October 29, 2006
HHSC commissioner fails to disclose financial info

And another story you may not have seen, via Ramblings of an HHSC Employee: Health and Human Services Commissioner Albert Hawkins has failed to disclose his ties to a non-profit that has received millions of dollars from the state of Texas.

Democratic candidate Chris Bell is raising ethical concerns about one of Perry’s top appointees. Bell says Hawkins--the executive commissioner for Texas Health and Human Services is on the board of a non-profit organization that's received more than a million dollars in state contracts.

State lawmakers and heads of state agencies control billions of taxpayer dollars and to make sure the public knows if one of the decision-makers benefits from any of the state contracts, officials are required to file personal financial statements with the Texas Ethics Commission.

They must disclose if they have a relationship with any business or organizations.

CBS 42 pulled commissioner Hawkins filings for the past three years and found he did not disclose his position as a member of the board of trustees for the Texas Institute of Health Policy Research.

In the past couple of years, the group has been awarded more than a million dollars in consulting contracts by the state.

Hawkins is listed on the group's Web site and in the group's IRS tax returns. He was appointed to the position by Governor Rick Perry.

CBS 42 caught up with Perry on the campaign trail.

"Number one that's news to me," Perry said. "If that's a conflict we'll get it addressed quickly."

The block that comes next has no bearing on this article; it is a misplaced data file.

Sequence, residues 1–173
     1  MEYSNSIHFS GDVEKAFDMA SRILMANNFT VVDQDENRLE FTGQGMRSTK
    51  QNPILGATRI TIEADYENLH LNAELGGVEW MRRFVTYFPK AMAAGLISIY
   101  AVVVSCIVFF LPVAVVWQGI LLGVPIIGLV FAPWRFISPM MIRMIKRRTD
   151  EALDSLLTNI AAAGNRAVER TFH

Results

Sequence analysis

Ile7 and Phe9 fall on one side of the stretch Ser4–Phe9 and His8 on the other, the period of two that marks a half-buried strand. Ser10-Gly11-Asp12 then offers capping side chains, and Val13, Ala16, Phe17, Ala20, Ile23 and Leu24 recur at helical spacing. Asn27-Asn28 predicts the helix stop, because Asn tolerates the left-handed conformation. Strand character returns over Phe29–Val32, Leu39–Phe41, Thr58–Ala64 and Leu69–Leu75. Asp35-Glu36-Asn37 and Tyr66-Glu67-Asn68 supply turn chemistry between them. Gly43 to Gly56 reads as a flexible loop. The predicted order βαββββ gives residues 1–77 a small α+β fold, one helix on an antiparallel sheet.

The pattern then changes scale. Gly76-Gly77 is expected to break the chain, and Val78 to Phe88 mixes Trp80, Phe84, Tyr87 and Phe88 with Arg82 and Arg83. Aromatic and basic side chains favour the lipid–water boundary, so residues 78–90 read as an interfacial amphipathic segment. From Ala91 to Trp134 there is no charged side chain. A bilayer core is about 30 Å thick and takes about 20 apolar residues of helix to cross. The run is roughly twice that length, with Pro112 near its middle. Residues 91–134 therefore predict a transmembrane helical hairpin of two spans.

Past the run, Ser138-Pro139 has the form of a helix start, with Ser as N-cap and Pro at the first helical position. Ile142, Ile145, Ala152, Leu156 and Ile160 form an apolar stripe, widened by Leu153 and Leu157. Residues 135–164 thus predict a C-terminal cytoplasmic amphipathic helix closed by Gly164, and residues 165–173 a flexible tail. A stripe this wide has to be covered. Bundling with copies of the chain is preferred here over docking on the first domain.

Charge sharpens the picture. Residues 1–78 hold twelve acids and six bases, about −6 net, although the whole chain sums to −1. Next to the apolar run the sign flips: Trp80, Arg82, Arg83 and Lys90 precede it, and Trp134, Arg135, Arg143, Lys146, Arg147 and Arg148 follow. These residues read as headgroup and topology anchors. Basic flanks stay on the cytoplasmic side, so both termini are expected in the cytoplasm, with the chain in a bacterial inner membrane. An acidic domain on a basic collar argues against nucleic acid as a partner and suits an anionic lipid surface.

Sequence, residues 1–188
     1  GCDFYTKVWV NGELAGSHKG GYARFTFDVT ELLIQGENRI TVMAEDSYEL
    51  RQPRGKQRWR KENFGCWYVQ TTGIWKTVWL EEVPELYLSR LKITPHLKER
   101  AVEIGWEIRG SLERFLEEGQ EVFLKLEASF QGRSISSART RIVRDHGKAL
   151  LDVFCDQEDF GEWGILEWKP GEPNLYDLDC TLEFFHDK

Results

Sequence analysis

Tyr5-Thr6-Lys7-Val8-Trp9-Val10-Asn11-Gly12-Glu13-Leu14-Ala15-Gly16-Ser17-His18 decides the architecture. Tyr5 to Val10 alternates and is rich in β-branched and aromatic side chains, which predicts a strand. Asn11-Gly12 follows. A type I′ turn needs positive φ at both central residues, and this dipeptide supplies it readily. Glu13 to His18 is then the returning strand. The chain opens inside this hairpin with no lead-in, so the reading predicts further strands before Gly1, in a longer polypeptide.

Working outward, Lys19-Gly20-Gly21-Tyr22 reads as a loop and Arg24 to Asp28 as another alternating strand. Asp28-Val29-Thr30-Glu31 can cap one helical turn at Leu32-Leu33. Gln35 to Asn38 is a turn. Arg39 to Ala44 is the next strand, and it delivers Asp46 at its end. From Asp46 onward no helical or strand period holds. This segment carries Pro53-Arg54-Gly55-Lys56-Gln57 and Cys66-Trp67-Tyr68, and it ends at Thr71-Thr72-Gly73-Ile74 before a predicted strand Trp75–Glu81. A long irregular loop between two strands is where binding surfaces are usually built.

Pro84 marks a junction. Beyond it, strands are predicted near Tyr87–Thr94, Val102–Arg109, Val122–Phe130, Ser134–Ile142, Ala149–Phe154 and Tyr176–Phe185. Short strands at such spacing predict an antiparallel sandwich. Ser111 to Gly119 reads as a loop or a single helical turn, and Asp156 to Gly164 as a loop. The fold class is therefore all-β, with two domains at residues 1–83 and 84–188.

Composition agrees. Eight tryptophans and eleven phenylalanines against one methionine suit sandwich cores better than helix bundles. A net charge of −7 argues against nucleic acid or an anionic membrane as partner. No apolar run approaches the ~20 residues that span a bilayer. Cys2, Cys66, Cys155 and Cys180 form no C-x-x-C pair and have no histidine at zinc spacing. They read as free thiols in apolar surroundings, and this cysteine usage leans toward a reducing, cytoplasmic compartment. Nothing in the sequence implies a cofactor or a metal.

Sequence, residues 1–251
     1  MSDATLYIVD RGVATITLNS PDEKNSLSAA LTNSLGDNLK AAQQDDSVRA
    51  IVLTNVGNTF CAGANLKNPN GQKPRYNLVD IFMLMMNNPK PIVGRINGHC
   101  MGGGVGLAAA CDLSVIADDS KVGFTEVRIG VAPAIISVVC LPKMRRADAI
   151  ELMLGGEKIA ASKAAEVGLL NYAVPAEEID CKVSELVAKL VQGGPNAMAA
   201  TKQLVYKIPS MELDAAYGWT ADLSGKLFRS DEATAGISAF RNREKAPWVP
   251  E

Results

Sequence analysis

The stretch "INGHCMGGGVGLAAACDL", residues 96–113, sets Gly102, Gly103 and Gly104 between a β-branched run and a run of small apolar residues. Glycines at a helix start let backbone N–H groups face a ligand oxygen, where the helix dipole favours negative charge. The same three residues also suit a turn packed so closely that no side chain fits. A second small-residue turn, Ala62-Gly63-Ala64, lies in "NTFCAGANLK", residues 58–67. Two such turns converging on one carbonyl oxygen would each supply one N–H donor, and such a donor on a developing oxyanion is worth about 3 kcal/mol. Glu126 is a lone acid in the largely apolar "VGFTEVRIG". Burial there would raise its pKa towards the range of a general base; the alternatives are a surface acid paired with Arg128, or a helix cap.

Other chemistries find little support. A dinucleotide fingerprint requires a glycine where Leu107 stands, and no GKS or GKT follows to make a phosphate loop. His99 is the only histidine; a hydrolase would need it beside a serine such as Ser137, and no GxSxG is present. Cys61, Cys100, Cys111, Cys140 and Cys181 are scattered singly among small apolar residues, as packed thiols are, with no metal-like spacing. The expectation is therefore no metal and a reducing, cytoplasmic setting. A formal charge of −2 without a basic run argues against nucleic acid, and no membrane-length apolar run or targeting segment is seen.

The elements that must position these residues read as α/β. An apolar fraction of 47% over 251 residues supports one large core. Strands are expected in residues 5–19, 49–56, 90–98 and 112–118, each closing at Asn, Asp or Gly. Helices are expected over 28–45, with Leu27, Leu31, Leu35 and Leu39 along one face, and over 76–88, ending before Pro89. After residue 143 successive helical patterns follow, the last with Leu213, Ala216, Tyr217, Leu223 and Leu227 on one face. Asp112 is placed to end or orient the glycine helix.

Of course it's news to Rick Perry. He doesn't concern himself with this kind of trivia.

"The problem you have with this kind of behavior is people in power can steer state contracts to organizations and charities they are involved in and can influence state policy," said Public Citizen spokesman Tom Smitty Smith. "It's a double edge sword."

Failing to disclose such relationships is both a civil and criminal violation.

Commissioner Hawkins spokesperson released this statement, "commissioner Hawkins considered this as an honorary position and never attended any meetings. But, nevertheless, he will file a corrected financial statement."

CBS 42 will let you know what happens.

I'll tell you what has happened so far: No news stories have yet reported Commissioner Hawkins's compliance with state law. The Statesman picked up the story yesterday, with both Hawkins and Perry spokesman Robert Black whining about how mean it was of Bell to point out Hawkins' ethical lapse. Strangely, neither one of them mentioned this fact:

According to state law, Hawkins should have disclosed the board affiliation to the state ethics commission. He said Monday he will amend his personal financial statement.

Emphasis mine. Hawkins failed to live up to his responsibilities. He can complain about the timing of the revelation all he wants, but the fault is his. If Rick Perry cared about this sort of thing, if it were a priority for his administration, maybe Hawkins would have been in compliance all along and we wouldn't be talking about this. But he doesn't, and Hawkins didn't. They can blame Bell all they want for their own shortcomings, but it doesn't change the facts.

Posted by Charles Kuffner on October 29, 2006 to Budget ballyhoo | TrackBack